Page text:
Earlier in the match Australian skipper Lindsay Hassett scored a century after winning the toss and batting. Young left hander Alan Davidson played a powerful innings of 76. Alec Bedser was the mainstay of the England bowling, taking five wickets. England, led by opener Len Hutton (145), responded with 372 and took a first innings lead. Batting a second time, Keith Miller produced a responsible innings of 104. A quick half-century by tailender Ray Lindwall aided Australia in setting England a challenging victory target. In the final innings of the match England, in trouble at 3 for 12 late on the penultimate day, were able to stabilise the ship and with the defiant batting of Watson, Compton and Bailey saved the match.


Back at home, Britain and Australia were preparing the way for atomic missile testing on the Woomera Rocket Range in South Australia.




To read about the earlier games in Geelong’s run, click HERE.



Peter also wrote about St. Kilda’s premiership season in his 1966 and All That series. You can read that HERE.



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About Peter Clark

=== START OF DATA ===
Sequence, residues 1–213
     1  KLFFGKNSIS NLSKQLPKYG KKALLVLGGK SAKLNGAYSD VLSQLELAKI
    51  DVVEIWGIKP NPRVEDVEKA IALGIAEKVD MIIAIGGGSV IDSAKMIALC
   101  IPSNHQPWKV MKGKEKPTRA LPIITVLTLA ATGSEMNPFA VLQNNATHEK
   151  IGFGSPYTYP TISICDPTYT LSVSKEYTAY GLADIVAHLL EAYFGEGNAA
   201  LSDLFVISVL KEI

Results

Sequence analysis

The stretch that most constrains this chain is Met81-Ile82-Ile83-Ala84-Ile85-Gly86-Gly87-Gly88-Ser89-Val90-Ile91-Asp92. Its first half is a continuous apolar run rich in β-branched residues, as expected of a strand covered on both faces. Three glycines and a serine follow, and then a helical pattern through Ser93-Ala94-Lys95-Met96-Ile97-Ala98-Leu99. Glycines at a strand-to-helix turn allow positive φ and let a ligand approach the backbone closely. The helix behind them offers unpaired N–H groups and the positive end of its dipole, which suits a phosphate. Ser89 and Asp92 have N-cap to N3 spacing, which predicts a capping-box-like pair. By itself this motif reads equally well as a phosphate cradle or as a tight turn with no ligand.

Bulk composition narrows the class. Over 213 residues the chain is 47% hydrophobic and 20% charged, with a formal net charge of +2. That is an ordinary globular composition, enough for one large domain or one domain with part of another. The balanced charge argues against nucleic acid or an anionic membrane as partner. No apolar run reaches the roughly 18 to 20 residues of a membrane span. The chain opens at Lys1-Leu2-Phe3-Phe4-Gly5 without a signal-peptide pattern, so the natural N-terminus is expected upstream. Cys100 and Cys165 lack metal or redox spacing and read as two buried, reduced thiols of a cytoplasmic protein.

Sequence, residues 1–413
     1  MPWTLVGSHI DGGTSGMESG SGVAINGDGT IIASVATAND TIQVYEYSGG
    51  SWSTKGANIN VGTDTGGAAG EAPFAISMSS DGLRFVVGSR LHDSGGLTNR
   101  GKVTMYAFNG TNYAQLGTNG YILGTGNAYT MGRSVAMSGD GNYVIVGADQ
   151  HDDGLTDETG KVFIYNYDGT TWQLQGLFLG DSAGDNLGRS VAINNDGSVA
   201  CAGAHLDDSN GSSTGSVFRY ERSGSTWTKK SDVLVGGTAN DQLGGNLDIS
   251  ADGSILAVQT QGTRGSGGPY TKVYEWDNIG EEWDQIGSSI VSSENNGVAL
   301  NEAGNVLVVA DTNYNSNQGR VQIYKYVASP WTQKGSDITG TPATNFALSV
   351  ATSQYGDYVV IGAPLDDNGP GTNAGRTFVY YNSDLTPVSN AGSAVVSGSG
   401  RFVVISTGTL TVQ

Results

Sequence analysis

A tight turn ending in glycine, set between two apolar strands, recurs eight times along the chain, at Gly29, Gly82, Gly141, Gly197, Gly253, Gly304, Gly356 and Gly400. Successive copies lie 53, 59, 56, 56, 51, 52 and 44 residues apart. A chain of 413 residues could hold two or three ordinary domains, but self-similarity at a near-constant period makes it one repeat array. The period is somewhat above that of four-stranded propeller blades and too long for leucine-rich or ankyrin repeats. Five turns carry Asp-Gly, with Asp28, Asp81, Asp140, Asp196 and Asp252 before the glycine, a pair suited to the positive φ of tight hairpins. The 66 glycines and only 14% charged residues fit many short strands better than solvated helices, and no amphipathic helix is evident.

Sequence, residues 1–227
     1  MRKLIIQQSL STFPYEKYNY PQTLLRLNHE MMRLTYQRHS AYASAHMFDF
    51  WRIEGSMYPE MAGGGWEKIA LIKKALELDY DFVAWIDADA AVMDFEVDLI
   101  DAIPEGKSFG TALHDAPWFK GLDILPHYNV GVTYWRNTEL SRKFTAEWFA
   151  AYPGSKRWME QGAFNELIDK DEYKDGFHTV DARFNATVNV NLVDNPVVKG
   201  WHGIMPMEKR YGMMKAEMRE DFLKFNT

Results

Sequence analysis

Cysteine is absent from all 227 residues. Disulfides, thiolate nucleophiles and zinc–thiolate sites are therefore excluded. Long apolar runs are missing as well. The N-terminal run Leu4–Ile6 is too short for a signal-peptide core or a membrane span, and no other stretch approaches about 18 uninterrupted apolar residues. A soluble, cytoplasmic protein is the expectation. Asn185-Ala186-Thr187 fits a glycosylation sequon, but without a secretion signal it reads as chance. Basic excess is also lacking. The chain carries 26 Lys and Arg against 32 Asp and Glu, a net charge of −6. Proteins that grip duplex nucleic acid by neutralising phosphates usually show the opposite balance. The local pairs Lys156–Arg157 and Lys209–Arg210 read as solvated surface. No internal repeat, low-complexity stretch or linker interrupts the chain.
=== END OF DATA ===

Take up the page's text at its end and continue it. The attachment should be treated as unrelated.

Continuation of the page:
is a lifetime Geelong supporter. Hailing from the Riverina, he is now entrenched on the NSW South Coast. His passion for footy was ignited by attending Ovens and Murray League matches in the 1960's with his father. After years of watching, playing and coaching, now it is time for some serious writing about his favourite subjects… footy, especially country footy, and cricket.


  1. Getting sick of Geelong winning…lol
    but its your writing on the players and where they came from etc that for me is the most interesting.

    Jim Hovey was a long-time radio commentator on 3SR – most memorably in the 1960s.
    He played for City United (now Shepp United) after his return from Geelong.
    His son Wayne also followed in his father’s footsteps.

    Just like the Marist boys in Bendigo just walked into the Sandhurst rooms, the St Brendan’s kids went to United.

    Reckon the same thing happened in Wang – is that the case Peter?

  2. Peter Clark says

    Dr Rocket

    Thank you for your contributions on the Bendigo and Shepparton clubs and also Jim Hovey.

    I reckon you are right about the way footballers were ‘drafted’ in Wang. also But that didn’t stop Bob Rose from signing with the Rovers in ‘56 despite advice from a former teammate who was then coaching rival club the Magpies.

    As for Geelong’s winning getting a bit sickening .,. only three wins to go now!